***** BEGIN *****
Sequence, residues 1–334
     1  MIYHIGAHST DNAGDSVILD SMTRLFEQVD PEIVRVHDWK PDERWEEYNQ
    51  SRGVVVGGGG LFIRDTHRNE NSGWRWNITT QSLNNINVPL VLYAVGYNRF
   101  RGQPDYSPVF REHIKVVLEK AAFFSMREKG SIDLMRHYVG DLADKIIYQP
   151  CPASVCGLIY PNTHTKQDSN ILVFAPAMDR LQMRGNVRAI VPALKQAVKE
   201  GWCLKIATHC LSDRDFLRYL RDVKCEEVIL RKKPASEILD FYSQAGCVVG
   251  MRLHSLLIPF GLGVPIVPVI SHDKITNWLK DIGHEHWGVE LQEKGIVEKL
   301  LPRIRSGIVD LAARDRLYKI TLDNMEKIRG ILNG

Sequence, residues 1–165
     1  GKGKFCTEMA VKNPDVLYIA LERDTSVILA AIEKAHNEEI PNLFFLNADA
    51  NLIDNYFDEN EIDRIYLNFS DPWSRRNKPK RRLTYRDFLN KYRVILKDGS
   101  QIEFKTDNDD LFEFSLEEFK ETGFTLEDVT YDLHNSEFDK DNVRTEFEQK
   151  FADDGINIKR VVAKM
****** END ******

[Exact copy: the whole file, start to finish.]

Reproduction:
Sequence, residues 1–334
     1  MIYHIGAHST DNAGDSVILD SMTRLFEQVD PEIVRVHDWK PDERWEEYNQ
    51  SRGVVVGGGG LFIRDTHRNE NSGWRWNITT QSLNNINVPL VLYAVGYNRF
   101  RGQPDYSPVF REHIKVVLEK AAFFSMREKG SIDLMRHYVG DLADKIIYQP
   151  CPASVCGLIY PNTHTKQDSN ILVFAPAMDR LQMRGNVRAI VPALKQAVKE
   201  GWCLKIATHC LSDRDFLRYL RDVKCEEVIL RKKPASEILD FYSQAGCVVG
   251  MRLHSLLIPF GLGVPIVPVI SHDKITNWLK DIGHEHWGVE LQEKGIVEKL
   301  LPRIRSGIVD LAARDRLYKI TLDNMEKIRG ILNG

Sequence, residues 1–165
     1  GKGKFCTEMA VKNPDVLYIA LERDTSVILA AIEKAHNEEI PNLFFLNADA
    51  NLIDNYFDEN EIDRIYLNFS DPWSRRNKPK RRLTYRDFLN KYRVILKDGS
   101  QIEFKTDNDD LFEFSLEEFK ETGFTLEDVT YDLHNSEFDK DNVRTEFEQK
   151  FADDGINIKR VVAKM